It’s going to have to be damn near perfect… a high bar to clear, yet that’s not enough. It will have to achieve that perfection in a new and surprising way. I’m looking for something so far removed from the classic Heaven Hill profile (yet still maintaining balance and proportionality) that I will have all my preconceptions about this distillery shattered and remade anew. If you’re thinking that this whiskey is already handicapped to the point of making a positive score near impossible, well… that’s what happens when a $250 price tag is slapped on a bottle. Nevertheless, I’ll give it the fairest possible hearing.

William Heavenhill 7th Edition – Review

Color: Medium-dark golden brown

On the nose: A surprising nose; I’m struggling to think of a comparison to anything I have tried from Heaven Hill before. There’s a floral note here that is very intense, but also very fresh; not quite perfume-like, nor reminiscent of potpourri, but rather just a powerful and focused flower scent. Under that is a touch of vanilla sweetness, as well as some faint whiffs of graham cracker and perhaps a touch of maple syrup. Really, though, that peculiar and irrepressible flower scent is the dominant aroma here.

In the mouth: There’s a moment of perfectly sweet and fruity juiciness as this meets the tongue; imagine the best tasting glass of orange juice you’ve ever had, and you’ll be pretty close. This tightens up considerably as it moves toward the middle of the mouth, shooting up the tongue in a jet of pure, unyielding minerality. This broadens out again at the midpalate with some rounded notes of nuts and polished wood. Tightening up once again as the whiskey reaches the back of the mouth, I get a tangy taste of pine sap and more of that stoniness, with perhaps a squeeze of fresh orange as a subtle accent. After these fade, there’s the lingering flavor of black coffee, another surprising note in a whiskey chock full of them.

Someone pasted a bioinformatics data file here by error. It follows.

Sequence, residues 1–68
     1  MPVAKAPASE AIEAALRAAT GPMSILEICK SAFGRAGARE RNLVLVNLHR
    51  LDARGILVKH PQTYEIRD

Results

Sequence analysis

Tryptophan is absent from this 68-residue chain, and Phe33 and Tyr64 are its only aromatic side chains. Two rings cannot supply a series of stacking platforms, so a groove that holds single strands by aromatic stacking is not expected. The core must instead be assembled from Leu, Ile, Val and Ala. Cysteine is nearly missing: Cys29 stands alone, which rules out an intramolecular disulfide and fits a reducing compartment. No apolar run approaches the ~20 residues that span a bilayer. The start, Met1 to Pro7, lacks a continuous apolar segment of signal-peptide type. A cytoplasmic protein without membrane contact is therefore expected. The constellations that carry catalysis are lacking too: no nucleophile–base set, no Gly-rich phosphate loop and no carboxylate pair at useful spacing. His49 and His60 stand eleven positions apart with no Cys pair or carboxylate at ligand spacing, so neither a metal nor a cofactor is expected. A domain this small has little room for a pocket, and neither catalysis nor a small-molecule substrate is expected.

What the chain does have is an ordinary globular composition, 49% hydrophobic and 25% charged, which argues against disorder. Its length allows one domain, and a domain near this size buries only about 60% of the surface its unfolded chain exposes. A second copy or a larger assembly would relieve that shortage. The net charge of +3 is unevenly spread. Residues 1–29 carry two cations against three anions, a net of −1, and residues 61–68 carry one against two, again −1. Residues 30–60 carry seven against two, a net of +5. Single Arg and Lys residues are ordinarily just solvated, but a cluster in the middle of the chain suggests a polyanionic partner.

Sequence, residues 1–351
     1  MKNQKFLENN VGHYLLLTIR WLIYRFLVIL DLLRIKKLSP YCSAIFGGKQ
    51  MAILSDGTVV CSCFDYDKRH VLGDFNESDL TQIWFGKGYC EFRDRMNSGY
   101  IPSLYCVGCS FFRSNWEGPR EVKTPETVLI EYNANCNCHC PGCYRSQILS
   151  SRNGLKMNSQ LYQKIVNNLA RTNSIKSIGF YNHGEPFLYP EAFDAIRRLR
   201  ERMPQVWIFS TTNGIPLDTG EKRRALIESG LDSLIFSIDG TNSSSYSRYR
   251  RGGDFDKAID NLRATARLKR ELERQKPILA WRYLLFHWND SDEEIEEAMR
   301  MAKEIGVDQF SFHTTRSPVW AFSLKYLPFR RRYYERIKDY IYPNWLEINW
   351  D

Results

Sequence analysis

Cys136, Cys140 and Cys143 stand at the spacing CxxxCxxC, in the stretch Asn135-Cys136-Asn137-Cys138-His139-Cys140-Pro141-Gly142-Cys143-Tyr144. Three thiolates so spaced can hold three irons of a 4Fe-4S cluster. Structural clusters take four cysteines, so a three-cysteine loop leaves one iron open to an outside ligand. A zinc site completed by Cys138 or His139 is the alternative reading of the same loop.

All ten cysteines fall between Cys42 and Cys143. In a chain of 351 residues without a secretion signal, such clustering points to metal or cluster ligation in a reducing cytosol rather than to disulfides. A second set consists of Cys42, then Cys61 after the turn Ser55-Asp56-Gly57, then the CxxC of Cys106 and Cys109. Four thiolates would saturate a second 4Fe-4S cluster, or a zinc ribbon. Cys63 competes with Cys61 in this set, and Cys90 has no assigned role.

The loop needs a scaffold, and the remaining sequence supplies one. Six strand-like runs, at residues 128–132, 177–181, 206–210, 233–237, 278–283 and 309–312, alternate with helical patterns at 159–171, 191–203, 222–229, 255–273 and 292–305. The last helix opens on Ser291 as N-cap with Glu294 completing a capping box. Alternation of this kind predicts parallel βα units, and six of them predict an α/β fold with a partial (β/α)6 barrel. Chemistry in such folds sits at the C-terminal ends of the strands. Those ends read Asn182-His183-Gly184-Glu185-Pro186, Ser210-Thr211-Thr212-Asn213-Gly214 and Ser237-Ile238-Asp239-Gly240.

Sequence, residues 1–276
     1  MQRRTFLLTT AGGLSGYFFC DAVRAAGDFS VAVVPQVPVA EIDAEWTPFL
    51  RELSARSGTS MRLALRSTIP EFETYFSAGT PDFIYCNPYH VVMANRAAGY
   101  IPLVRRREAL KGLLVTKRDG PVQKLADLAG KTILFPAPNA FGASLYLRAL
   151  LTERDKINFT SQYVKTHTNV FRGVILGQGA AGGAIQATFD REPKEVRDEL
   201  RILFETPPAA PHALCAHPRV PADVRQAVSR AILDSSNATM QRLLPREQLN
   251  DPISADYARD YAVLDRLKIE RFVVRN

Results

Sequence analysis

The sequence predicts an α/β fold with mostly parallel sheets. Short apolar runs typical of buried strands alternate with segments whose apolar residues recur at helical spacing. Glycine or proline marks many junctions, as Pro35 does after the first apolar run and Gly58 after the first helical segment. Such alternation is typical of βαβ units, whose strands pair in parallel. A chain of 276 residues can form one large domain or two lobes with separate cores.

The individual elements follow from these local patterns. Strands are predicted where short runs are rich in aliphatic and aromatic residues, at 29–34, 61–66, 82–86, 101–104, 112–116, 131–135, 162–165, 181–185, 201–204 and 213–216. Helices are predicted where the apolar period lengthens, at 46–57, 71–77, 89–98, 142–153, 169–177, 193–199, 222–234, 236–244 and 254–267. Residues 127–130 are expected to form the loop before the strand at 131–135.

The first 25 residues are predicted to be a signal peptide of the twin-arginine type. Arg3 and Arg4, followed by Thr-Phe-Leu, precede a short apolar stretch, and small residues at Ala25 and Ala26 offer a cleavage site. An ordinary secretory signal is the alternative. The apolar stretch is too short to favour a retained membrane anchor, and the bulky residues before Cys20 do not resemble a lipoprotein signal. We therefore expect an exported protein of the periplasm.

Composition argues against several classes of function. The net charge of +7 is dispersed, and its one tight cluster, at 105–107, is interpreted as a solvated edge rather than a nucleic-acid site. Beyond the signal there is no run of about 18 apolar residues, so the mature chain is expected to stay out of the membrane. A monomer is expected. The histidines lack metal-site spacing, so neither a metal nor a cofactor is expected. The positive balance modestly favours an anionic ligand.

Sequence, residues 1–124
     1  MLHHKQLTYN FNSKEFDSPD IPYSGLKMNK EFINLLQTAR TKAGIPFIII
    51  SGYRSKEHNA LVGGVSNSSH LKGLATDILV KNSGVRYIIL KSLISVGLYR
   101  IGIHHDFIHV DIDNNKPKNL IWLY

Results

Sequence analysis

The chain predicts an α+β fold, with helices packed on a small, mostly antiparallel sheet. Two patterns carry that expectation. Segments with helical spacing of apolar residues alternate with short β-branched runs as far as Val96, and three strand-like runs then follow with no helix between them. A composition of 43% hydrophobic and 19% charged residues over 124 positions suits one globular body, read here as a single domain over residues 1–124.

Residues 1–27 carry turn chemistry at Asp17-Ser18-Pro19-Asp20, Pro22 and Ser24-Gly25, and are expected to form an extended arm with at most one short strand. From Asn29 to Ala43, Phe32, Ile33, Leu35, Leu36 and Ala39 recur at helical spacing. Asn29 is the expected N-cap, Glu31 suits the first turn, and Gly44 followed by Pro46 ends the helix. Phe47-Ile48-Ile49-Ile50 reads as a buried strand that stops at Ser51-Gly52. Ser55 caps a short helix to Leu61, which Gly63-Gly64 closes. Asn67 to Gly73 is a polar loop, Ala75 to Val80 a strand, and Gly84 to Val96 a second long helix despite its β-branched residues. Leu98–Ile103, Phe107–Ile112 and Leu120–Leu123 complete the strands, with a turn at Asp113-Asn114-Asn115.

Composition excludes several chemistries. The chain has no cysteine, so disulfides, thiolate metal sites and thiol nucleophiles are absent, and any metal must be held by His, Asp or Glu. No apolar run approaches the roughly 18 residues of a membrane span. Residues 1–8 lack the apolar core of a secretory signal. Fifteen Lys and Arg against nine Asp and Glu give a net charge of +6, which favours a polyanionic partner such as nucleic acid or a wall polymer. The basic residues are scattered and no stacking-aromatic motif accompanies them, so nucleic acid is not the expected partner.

Speaking as a person who has tasted a fair deal of Heaven Hill whiskey: this is sui generis. I don’t know that I have ever experienced some of these aromas and flavors in other Heaven Hill releases, nor do I think I would have pegged this for a Heaven Hill whiskey if I had tasted it blind. It therefore fulfills the novelty/surprise part of my previously elucidated framework for evaluation.

Is it perfect, through? Decidedly not. The nose is so firmly in the grip of that floral aroma that, as much as one might like such scents, it ultimately crowds out other nuances. In the mouth, this performs competently, but not much more than that. At points the high ABV is evident in a way that feels like it restricts some of the flavor development. In fairness, though, other times I barely notice it at all.

For the price, would I pick up another bottle of this, or a different one from the series? I’m torn. I have a checkered past with Heaven Hill distillery exclusives, and I would fear that the next bottle would be another marked-up experiment to take advantage of tourists. That said, Heaven Hill can achieve some superlative results in its limited edition bottlings, and the fear of missing out on one of those outliers might be too strong to resist.

How to score this, then? With maximum ambivalence, of course.

Score: 5/10

Image courtesy of David Levine.